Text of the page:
Cuts won't blunt edge of the Fringe
With 90 shows to stage, and less money to do it with, this year’s Dublin Fringe Festival will still thrive, says its artistic director, Róise Goan
BUDGETS ARE CUT, money is tight, and those in the arts are finding themselves with ever-shortening shoestrings with which to work. But what if you’re the kind of arts festival that’s always operated without an astronomical outlay, used to working on the margins with limited resources and minimal cashflow? And what happens when the coffers are empty but the show must go on? These are the questions the Dublin Fringe Festival – renamed this year as Absolut Fringe to acknowledge their new sponsors – is facing with an already small operating budget being squeezed, and 90-odd shows to put on regardless. But the shows will go on, according to the festival’s new artistic director, Róise Goan. “If anything can thrive in this kind of climate, the work of artists in a festival like the fringe can,” she says confidently, as the festival office buzzes in the background with its usual cohort of full-time staff, interns and oodles of volunteers.
“People are always working in a situation where everything is up against them and there’s a huge amount of ingenuity and ambition and a willingness to overcome all kinds of difficulties anyway.”
The artists involved, says Goan, have always worked with their backs against the wall, at least when it comes to fiscal matters. “I wouldn’t want to belittle the difficulty of trying to be an artist and make art in a very commercial world. It’s always difficult.” This may be true, but at a time when many industries are floundering, art continues to flourish. “People are more willing to do things in a cheaper way, and things are beginning to cost less, which for artists can only be a good thing. Definitely for emerging artists, there’s a really strong feeling of goodwill towards them and a sense that it’s a slightly easier system to negotiate.”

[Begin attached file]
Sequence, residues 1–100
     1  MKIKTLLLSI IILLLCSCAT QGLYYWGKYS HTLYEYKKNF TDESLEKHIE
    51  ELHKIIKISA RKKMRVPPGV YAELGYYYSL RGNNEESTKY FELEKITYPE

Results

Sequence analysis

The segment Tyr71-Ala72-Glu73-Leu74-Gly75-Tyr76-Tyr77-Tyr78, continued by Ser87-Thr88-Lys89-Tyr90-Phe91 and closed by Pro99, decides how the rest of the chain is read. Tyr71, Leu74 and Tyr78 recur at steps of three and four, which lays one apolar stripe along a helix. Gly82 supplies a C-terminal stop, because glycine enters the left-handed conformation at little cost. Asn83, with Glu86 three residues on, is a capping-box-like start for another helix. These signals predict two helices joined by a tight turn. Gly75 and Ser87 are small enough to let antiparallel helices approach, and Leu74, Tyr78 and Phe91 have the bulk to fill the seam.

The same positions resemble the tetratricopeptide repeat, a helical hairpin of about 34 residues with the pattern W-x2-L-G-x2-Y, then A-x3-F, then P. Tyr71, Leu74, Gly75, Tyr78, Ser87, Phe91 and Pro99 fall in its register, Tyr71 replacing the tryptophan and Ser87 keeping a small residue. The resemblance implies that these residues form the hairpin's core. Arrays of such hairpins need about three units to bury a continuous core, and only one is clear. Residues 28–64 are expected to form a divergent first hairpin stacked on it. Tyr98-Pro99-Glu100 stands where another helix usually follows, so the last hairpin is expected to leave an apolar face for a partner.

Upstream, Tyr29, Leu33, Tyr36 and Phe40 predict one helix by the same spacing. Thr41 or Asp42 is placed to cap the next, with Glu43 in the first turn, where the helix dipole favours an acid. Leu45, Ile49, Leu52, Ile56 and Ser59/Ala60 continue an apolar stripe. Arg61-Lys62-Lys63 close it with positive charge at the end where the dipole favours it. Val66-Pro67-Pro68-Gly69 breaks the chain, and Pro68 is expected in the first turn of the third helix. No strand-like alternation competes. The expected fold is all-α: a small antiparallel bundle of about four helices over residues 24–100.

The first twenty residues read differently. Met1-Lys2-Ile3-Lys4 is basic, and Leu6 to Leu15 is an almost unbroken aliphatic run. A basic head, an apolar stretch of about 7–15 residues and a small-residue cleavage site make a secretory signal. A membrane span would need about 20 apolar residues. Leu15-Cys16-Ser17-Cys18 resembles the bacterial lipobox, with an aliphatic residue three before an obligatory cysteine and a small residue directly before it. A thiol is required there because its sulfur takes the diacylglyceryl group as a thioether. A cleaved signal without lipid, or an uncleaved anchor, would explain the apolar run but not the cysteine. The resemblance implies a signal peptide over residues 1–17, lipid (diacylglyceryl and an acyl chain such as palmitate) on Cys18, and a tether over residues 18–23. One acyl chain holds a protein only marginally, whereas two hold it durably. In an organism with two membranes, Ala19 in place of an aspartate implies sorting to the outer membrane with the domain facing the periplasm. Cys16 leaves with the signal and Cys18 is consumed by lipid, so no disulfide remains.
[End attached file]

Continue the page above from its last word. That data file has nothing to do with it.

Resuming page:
Expect this year’s Fringe, then, to showcase the usual array of new names, many of whom are contemporaries of Goan’s who, at just 28 years old, has already cut her teeth with the establishment of theatre company Randolf SD, with whom she produced a number of shows, among various other producing and directing credits.
Think Untitled Theatrics, Anu Productions, Una McKevitt, Dylan Tighe, Veronica Dyas and Ciaran O’Melia, as well as new companies and names making their Fringe festival debuts this year, including Talking Shop Ensemble, The Company, Monsters and Players and Manchán Magan. They’ll all be putting up shows alongside plenty of more established companies who are returning to the Fringe as an opportunity to push things beyond the traditional and into new spaces.
“This year’s programme has a lot more established Irish artists using the Fringe as a place to experiment, as a place to do something new and unusual, to use different kinds of spaces.” Among the spaces being utilised are Barnardo Square outside City Hall, the CHQ building on Custom House Quay, a city centre supermarket, an apartment entrance near Dublin Castle, the Bernard Shaw pub, St Mary’s Abbey, St Patrick’s Park and O’Connell bridge, not to mention what has swiftly become a festival favourite, the specially-erected Spiegeltent, visiting the Fringe for the last time this year.
THOUGH FEWER international acts are represented on this year’s more home-grown programme – perhaps another indication of tightening belts – some have made it through to the final cut, including the Australian production Holiday, A Useful Playfrom Argentinian Gerardo Naumann, a UK/Italy collaboration called Wondermart, described as an interactive audio tour through a supermarket setting, and the British company Coney, who introduce their concept of “pervasive gaming” to Irish shores for the first time.